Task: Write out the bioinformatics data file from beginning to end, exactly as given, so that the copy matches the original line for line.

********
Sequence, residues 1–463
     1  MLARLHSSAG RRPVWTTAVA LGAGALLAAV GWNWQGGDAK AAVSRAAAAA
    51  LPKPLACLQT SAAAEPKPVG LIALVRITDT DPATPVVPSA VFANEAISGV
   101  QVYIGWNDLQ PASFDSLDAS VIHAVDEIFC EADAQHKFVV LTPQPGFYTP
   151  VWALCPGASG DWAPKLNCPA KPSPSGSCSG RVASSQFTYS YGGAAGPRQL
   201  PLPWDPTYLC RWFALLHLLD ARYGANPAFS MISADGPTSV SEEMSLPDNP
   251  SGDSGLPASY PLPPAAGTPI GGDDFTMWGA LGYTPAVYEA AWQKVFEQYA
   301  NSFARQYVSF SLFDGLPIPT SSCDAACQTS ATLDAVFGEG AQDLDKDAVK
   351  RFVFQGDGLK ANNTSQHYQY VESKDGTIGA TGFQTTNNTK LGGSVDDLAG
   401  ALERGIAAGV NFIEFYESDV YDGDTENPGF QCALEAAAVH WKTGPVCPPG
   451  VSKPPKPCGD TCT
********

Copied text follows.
Sequence, residues 1–463
     1  MLARLHSSAG RRPVWTTAVA LGAGALLAAV GWNWQGGDAK AAVSRAAAAA
    51  LPKPLACLQT SAAAEPKPVG LIALVRITDT DPATPVVPSA VFANEAISGV
   101  QVYIGWNDLQ PASFDSLDAS VIHAVDEIFC EADAQHKFVV LTPQPGFYTP
   151  VWALCPGASG DWAPKLNCPA KPSPSGSCSG RVASSQFTYS YGGAAGPRQL
   201  PLPWDPTYLC RWFALLHLLD ARYGANPAFS MISADGPTSV SEEMSLPDNP
   251  SGDSGLPASY PLPPAAGTPI GGDDFTMWGA LGYTPAVYEA AWQKVFEQYA
   301  NSFARQYVSF SLFDGLPIPT SSCDAACQTS ATLDAVFGEG AQDLDKDAVK
   351  RFVFQGDGLK ANNTSQHYQY VESKDGTIGA TGFQTTNNTK LGGSVDDLAG
   401  ALERGIAAGV NFIEFYESDV YDGDTENPGF QCALEAAAVH WKTGPVCPPG
   451  VSKPPKPCGD TCT